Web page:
Transforming metals could make planes lighter and more fuel-efficient.
The tech is called “shape memory alloy” and it lets metal objects assume different shapes without all the motors, cables, and gear needed to move, say, a wing flap from take-off to cruising position.
It works through heat: At precise temperatures, the metal alloy part assumes different shapes. And on an airplane, you would have easy access to very hot (engine) and very cold (the air at 30,000 feet) temperatures. Objects made with these alloys are typically 10 to 20 percent the size of a traditionally designed part, Boeing’s Jim Mabe told Wired.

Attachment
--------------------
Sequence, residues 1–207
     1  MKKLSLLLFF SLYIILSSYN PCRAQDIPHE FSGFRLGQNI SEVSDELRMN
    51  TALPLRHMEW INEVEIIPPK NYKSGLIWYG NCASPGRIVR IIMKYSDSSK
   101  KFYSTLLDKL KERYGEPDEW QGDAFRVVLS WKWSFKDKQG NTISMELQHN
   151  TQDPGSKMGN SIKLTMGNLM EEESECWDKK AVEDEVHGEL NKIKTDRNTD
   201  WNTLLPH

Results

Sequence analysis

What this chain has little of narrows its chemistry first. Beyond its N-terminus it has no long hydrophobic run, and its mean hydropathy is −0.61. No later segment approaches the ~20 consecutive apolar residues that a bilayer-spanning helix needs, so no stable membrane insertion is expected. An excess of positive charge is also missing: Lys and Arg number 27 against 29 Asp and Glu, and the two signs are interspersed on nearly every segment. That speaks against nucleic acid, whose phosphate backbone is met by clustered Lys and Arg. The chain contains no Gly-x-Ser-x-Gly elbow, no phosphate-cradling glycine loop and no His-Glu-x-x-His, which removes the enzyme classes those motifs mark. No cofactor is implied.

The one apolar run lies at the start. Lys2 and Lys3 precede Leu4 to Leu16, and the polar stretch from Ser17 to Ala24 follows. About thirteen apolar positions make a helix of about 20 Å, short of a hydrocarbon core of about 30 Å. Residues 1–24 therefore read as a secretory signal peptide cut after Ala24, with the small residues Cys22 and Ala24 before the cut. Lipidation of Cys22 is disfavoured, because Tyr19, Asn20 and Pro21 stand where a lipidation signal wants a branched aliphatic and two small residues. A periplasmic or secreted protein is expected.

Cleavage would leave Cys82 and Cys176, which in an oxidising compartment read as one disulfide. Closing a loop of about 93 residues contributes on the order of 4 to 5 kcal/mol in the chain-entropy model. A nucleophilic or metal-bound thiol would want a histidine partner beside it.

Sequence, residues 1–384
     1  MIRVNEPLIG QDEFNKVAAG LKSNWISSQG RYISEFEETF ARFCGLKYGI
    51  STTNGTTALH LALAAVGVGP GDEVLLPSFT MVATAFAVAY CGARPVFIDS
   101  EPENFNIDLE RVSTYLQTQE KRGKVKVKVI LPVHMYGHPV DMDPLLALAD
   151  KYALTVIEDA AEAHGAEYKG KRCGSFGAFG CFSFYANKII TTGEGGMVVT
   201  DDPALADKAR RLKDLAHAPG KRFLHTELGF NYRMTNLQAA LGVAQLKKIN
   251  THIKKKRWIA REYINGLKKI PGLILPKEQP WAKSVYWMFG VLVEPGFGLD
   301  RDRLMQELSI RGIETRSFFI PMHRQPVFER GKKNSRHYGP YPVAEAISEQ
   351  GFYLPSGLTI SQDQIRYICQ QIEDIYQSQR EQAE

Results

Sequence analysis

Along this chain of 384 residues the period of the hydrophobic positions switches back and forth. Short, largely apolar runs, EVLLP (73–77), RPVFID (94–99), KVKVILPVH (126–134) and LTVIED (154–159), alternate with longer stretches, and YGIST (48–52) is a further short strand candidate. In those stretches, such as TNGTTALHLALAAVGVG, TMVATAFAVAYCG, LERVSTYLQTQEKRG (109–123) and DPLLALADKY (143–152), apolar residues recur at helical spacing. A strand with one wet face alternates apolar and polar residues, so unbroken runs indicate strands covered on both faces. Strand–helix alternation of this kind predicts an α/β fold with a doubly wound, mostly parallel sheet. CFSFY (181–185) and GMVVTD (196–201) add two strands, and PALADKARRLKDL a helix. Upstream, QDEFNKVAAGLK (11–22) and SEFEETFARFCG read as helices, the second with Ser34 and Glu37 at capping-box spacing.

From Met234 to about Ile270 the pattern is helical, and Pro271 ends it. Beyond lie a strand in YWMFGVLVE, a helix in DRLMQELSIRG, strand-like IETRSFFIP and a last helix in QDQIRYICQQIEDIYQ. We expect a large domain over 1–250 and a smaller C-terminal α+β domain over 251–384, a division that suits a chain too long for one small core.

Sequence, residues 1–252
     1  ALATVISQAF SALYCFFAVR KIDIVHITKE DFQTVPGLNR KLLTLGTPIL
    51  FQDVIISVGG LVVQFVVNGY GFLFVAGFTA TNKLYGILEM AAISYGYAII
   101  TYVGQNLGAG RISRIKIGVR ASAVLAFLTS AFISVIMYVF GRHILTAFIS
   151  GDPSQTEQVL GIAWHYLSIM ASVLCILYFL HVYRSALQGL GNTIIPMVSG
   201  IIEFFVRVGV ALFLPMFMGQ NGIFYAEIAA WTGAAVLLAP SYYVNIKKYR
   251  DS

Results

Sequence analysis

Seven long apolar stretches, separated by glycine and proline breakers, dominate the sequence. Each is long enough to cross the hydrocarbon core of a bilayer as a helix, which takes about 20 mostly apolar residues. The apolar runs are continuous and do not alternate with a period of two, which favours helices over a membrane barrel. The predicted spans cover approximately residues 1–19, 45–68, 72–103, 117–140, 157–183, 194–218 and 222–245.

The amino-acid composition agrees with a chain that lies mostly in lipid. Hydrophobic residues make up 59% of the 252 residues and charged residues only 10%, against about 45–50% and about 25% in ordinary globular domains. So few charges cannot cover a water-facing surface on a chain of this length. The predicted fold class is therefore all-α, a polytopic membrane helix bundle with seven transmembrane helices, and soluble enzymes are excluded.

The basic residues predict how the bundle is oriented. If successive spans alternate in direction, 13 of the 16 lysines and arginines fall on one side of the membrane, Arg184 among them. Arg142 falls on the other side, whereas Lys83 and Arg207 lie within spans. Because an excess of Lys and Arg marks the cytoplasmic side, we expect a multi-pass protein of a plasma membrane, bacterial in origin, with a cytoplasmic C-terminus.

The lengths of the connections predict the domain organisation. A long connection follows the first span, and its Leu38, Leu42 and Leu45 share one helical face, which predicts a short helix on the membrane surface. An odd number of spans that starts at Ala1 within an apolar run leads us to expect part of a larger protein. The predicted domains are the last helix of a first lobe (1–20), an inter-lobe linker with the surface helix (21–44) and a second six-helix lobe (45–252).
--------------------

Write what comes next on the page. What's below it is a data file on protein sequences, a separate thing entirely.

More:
Reducing the weight of an airplane is the No. 1 way to increase fuel efficiency. Last year, domestic airlines carried a record-breaking 719 million passengers. And planes are the third-biggest contributor to U.S. CO2 emissions in the transportation sector — a sector that just took top billing as our most polluting set of industries.
But even if temperature-sensitive metals turn out to be too far-fetched to work in passenger planes, other innovations are underway. It looks like alternative fuels and even electric planes, once dismissed as fanciful notions, are taking the nonstop direct toward feasibility.